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Diapers made from jellyfish?

 

Mother Nature Network

They might sound like they’d be a squishy mess, but researchers promise that diapers made from jellyfish are a cleaner option for both your baby’s butt and the environment, reports Discover.

The eco-friendly product is being developed by Cine'al Ltd., an Israeli nanotechnology start-up, and was inspired by research conducted at Tel Aviv University that studied the super-absorbent quality of jellyfish flesh. Jellyfish diapers were found to be twice as absorbent as most diapers currently on the market, and they biodegrade in less than 30 days, which means fewer diapers take up space in landfills. By comparison, diapers produced using synthetic polymers can take hundreds of years to break down.

Cine'al also plans to produce other absorbent products using this technology, such as medical sponges, feminine pads and even toilet paper. (Don’t worry, researchers make sure to remove the stingers first.) They are manufactured by first breaking down the jellyfish flesh and then adding antibacterial nanoparticles. The resultant raw material is being called “Hydromesh,” a name that is decidedly less yucky-sounding than the stuff it’s made from.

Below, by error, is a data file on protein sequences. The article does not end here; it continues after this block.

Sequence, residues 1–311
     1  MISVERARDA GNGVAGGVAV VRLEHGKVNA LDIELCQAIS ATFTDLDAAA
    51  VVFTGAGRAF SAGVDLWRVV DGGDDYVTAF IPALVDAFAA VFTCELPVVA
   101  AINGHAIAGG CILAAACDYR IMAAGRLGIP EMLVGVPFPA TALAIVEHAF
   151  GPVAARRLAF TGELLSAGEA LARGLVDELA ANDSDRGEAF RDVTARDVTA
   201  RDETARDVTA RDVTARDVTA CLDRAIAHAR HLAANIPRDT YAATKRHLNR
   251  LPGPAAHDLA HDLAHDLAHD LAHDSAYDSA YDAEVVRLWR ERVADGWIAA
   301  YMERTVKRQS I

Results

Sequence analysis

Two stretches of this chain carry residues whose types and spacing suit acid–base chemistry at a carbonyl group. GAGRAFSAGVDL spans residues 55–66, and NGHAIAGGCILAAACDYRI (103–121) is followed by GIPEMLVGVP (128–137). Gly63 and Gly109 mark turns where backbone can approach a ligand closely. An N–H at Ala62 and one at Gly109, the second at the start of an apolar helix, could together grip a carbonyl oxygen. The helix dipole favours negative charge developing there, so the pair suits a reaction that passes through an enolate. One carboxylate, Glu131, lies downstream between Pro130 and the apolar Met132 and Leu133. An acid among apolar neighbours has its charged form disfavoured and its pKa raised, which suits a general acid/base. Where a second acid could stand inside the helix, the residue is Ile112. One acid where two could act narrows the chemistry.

The products are particularly appealing because jellyfish populations have been booming worldwide as a result of overfishing and global warming. As fisheries decline, jellyfish encounter fewer predators and less competition for resources. The gelatinous organisms are also more adaptable to global warming. Researchers warn that if trends continue, the oceans of the future will be primarily the domain of jellyfish.

Until now, though, few uses have been found for jellyfish. So Cine'al hopes that its new line of products will help solve two eco-problems at once: by reducing landfill waste, and by counteracting the upcoming jellyfish invasion.

“There are too many jellyfish in the sea, and too many Pampers in landfills. Cine'al may have the ultimate answer to both those issues,” said Cine'al President Ofer Du-Nour, to the Times of Israel.

Although the products are not yet ready for sale at supermarkets, Cine'al is currently in talks to build manufacturing plants in both Korea and the United States.

Miami Herald

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